The AudioGate is the same software as for the MR-1 (the 5.6 MHz setting on that was a tipoff that is was meant for the MR-1000 also). Conversion time is not dreadful, but does require patience, I'll try to time it next week if no one else pipes up. I am looking forward to the announced upgrade to version 1.0.0, hoping it will do a better job of cleaning out the hf noise when making 24/192 PCM conversions (16/44.1 is okay now), even if that takes a lot longer to run (Minnetonka techs tell me that CHrome II software can convert DSD to PCM either quick-and-dirty, which sounds like the AudioGate method, or cleaner but taking about 15 hours for a DVD-worth of audio). The file size at 5.6 MHz is 1GB about 11 minutes, so an hour would run about 5.5 GB. The autosplit is set on the MR-1 at a little over 1 GB, you get 25 minutes (so I suppose 12.5 minutes on the MR-1000 at 5.6 MHz, I'll check this weekend). It is seamless as far as I can tell. The MR-1 shuts down after 6 hours (whatever format you use) unless you restart at some point, I'll check this feature in the MR-1000 this weekend as well. The manual on the MR-1000 gives battery life on internal AAs (8 used) as 4 hours no matter what type you use (Alkaline, Oxyride, or NiMH with no mAh rating given), this seems unlikely to me, but I've been testing with the BatteryGeek 10-14-88 external supply.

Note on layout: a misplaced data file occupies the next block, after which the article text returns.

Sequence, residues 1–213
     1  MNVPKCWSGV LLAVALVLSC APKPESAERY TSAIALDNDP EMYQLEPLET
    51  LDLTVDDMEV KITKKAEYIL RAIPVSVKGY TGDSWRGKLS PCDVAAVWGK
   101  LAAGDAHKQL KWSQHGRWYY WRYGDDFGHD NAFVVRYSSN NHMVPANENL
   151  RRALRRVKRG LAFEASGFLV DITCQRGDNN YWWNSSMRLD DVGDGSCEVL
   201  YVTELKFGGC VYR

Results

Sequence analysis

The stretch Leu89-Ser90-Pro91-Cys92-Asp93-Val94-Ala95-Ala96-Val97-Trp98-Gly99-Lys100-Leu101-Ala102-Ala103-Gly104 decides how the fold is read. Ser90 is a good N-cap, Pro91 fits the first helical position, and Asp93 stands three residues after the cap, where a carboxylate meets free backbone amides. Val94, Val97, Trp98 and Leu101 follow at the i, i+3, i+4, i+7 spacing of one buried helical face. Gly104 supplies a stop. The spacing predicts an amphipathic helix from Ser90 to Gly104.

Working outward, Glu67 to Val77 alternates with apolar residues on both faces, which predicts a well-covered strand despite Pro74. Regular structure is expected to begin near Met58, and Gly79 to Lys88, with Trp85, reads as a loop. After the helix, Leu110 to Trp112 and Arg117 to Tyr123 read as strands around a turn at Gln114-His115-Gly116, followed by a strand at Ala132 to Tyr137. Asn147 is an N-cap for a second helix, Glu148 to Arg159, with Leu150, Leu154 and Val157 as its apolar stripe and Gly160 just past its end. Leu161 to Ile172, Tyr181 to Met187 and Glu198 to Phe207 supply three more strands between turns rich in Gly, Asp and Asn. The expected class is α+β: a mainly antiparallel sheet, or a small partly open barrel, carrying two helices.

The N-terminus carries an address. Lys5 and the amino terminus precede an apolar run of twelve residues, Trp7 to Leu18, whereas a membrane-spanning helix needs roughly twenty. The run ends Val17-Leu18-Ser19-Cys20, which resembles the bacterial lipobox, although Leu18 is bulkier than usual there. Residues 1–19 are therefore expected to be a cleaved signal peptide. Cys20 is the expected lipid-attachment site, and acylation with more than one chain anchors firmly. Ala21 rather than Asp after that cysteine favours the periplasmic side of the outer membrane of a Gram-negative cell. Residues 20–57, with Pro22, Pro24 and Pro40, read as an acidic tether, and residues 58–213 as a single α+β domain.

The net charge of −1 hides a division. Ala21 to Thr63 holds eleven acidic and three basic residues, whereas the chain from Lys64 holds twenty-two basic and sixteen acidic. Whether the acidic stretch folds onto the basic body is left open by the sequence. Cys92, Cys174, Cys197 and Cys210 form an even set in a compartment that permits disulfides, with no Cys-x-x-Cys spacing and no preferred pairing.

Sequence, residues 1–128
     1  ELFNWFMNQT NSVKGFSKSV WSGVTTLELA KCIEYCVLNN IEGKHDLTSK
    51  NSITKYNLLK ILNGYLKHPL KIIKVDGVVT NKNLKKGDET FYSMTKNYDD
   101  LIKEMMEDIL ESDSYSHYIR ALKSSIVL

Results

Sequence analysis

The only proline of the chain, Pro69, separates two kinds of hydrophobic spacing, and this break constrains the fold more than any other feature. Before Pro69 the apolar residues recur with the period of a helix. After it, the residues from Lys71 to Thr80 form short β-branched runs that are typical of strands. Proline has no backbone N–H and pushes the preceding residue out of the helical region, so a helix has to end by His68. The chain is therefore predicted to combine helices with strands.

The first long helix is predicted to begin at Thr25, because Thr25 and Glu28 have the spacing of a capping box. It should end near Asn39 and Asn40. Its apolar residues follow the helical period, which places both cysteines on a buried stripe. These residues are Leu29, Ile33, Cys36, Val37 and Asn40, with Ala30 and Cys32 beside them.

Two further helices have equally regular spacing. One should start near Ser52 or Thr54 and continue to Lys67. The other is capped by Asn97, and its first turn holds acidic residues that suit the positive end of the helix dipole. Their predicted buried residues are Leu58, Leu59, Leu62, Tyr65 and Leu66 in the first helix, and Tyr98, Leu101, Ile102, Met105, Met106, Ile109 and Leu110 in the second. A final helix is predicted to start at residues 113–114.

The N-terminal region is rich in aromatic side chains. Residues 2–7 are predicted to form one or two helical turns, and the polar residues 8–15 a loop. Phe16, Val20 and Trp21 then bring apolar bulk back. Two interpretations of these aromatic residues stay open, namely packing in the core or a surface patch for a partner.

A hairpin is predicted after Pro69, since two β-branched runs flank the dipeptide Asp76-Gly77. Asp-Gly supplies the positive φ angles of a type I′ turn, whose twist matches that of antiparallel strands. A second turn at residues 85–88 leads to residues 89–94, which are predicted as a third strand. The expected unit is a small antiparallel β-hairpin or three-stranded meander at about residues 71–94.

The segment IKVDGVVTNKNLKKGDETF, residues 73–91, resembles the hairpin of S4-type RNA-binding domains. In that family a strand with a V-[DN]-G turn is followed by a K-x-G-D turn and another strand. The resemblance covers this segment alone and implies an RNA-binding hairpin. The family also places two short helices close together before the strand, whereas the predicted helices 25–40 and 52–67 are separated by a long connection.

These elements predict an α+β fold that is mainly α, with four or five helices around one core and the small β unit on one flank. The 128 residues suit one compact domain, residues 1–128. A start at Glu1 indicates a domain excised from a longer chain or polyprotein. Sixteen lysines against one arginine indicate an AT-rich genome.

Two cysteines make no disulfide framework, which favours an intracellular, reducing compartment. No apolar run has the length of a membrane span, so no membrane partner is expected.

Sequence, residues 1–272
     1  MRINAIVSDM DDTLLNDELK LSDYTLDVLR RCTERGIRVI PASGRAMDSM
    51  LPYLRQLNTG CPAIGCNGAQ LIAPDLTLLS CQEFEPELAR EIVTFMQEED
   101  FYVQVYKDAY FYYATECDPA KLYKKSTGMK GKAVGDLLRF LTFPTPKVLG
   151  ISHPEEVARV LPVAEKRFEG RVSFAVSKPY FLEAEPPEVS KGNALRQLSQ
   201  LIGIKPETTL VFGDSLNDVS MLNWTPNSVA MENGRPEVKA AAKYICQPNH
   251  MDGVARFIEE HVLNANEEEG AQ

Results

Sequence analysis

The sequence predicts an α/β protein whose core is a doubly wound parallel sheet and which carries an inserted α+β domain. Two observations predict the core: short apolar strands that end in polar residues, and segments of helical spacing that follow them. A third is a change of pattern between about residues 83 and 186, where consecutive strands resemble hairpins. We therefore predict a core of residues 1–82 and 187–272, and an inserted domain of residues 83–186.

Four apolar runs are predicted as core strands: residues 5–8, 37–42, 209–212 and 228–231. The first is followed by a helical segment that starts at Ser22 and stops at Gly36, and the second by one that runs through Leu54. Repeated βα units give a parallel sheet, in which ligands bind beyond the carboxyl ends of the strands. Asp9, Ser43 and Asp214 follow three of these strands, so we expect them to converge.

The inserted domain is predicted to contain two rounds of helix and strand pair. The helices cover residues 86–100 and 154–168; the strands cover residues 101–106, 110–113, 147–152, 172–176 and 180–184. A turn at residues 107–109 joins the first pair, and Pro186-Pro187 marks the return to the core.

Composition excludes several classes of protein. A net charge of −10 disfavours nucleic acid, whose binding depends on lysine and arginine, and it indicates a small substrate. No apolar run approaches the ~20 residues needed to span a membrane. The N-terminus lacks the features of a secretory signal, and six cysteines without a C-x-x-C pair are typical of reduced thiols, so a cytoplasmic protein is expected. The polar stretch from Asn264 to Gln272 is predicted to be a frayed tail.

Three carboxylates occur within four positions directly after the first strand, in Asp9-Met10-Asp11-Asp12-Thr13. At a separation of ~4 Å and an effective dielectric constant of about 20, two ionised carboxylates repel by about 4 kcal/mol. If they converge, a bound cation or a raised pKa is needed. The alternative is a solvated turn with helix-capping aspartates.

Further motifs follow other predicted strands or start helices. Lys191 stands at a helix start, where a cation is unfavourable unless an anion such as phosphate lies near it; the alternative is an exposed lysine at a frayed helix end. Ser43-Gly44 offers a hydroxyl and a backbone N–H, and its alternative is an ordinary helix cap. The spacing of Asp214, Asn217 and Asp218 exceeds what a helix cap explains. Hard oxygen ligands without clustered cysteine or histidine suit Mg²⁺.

As for ergonomics, there is no hold switch and the volume knob has a lot of play, somewhat easily turned. I would not say the buttons are bump-proof, but they don't strike me as accidents waiting to happen. The XLR connectors are solid, and the case has a nice flap so you can run the cables right in, the case is just a wee bit too tight to hold the MR-1000 with the BatteryGeek supply squezzed in on top. The flap on top of the case should prevent any accidental switch or volume changes, but I'm too paranoid to trust it. The MR-1, with menu volume settings and a hold switch, is clearly designed for pocket/stealth use, while the MR-1000 is not.